The affiliate dream – once the great hope of online marketers – was never realised because of acquiescence to the creed ‘last click wins’.
DC Storm marketing director Lewis Lenssen said: “In travel that was so clearly wrong, that it’s no surprise that the affiliate dream was not really realised.
“What we ended up with was an absolute focus on the bottom of the purchase funnel with huge focus around brand search, voucher codes, remarketing and cashback.
“That area became hugely competitive. Margins were being eroded and that’s where we are now.
“At the top of the funnel there was no one really contributing because the commercial terms did not allow them to be rewarded.”
DC Storm has been working on a new affiliate model that seeks to reward affiliates that help in the initial inspiration phase through engaging content.
The results were reported at last week’s Travolution Summit in London and a whitepaper distributed to delegates on the new approach. The whitepaper can be downloaded now for free.
Lenssen said the modern consumer was a lot more aware and savvy about the commercial implications of being referred from one site to another, and understood how to price compare.
This added complexity means firms are having to do more to understand which channels in the customer journey are working beyond just the last click.
“Most affiliate programmes are stagnating,” he said. “There is an opportunity to break out of the standard model, align the interests of affiliates and networks and merchants so we can grow the market rather than cannibalise this last click area.”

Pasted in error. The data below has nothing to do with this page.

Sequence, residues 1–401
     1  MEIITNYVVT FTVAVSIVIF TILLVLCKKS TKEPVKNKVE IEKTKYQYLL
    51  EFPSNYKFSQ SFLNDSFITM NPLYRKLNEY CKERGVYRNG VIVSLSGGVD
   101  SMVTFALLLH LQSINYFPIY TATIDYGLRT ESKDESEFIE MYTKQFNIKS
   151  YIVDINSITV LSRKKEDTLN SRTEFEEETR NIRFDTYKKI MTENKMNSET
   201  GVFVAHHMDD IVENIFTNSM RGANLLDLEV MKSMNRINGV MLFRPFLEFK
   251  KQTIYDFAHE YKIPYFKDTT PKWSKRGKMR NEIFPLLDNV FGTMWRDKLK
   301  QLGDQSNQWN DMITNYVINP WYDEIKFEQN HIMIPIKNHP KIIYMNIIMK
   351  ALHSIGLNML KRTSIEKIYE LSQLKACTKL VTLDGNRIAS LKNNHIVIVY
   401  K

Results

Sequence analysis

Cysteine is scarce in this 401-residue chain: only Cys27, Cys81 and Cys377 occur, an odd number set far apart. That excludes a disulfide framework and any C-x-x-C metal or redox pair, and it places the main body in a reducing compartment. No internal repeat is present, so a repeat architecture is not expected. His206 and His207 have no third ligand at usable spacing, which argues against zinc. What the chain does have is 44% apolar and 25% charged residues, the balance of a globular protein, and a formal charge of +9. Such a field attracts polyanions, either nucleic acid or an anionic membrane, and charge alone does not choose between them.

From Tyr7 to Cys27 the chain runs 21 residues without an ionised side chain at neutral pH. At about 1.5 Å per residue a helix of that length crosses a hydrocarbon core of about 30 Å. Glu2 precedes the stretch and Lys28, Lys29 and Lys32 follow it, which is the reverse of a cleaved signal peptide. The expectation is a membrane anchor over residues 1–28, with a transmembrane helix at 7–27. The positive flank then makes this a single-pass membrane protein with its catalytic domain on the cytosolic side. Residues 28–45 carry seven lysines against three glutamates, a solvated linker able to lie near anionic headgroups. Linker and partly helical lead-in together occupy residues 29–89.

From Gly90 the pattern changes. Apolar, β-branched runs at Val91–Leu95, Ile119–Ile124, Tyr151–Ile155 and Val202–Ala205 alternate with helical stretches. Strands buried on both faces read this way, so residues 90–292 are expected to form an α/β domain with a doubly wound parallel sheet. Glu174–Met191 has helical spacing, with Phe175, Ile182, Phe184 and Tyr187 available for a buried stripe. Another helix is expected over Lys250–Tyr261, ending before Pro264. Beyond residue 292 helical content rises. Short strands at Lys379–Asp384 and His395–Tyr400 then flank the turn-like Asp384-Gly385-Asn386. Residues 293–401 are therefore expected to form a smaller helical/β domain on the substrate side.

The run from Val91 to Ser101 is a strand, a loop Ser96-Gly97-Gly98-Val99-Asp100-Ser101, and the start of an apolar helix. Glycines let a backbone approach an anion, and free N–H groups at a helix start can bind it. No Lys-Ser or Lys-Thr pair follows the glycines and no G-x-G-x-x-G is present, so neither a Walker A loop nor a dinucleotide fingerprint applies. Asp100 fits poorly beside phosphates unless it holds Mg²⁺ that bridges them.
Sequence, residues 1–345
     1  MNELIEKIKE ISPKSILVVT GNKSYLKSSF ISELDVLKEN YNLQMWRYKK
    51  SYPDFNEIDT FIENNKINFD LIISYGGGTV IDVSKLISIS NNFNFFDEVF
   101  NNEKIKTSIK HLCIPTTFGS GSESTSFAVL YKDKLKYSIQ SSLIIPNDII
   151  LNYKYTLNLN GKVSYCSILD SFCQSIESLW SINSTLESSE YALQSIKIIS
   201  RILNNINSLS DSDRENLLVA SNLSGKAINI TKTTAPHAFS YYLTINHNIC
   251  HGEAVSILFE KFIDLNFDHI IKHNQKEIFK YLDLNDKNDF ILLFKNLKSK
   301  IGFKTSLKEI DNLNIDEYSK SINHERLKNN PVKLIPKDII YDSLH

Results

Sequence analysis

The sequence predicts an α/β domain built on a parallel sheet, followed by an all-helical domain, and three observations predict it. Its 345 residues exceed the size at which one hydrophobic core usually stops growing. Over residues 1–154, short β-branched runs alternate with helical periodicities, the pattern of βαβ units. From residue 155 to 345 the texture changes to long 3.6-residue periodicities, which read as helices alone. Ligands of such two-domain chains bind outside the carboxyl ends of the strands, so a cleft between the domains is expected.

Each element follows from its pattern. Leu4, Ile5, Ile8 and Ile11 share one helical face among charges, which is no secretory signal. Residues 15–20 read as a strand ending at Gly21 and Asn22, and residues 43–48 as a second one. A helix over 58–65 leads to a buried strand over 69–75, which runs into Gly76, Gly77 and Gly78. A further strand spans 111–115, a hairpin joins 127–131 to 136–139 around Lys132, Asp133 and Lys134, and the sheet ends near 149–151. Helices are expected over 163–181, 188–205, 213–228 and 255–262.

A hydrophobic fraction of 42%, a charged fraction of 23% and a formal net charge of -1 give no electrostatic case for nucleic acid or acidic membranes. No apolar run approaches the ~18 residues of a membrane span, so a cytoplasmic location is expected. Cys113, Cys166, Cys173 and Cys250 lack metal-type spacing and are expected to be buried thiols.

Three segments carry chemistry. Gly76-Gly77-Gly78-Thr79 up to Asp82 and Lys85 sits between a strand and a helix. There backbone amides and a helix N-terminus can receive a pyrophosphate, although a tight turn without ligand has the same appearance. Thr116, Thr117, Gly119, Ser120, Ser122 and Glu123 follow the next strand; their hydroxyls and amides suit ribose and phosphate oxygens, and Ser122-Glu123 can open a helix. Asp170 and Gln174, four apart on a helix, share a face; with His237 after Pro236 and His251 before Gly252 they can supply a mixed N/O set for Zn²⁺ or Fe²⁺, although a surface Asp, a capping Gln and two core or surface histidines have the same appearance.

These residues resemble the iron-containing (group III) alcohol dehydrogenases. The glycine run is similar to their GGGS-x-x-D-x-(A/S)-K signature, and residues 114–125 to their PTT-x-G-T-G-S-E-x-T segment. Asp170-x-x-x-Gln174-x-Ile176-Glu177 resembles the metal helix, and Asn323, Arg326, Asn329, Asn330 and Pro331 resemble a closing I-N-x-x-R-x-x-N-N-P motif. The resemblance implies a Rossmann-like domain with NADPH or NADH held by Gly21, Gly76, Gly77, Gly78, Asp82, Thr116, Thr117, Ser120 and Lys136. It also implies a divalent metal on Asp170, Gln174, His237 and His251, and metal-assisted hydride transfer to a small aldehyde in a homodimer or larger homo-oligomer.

Lenssen said that in transfer specialist Resorthoppa and its network Afilliate Window it found partners willing to test a new model by sharing information on what the customer journey looked like.
“We built an attribution model for them. We took the model Resorthoppa built internally and said let’s communicate that to our affiliate partners and pay them on that basis.
“We said we are going to share commission based on the contribution, we are going to test, we are going to adapt and we are going to make it work better.
“The technical challenge was trying not to change too much. The biggest problem was to break inertia, to rediscover the dream of how affiliates could be a great way to market.”
And the results? Lenssen said despite predictions that affiliates would ditch the programme, it actually grew by 200% in just three months.
“This growth has been sustained and has continued. Affiliates as individuals have either made more money or some have made less but their earning has reflected their contribution.
“People who have earned less have been spoken to and given the opportunity to change what they are doing. Lots more affiliates have been paid.”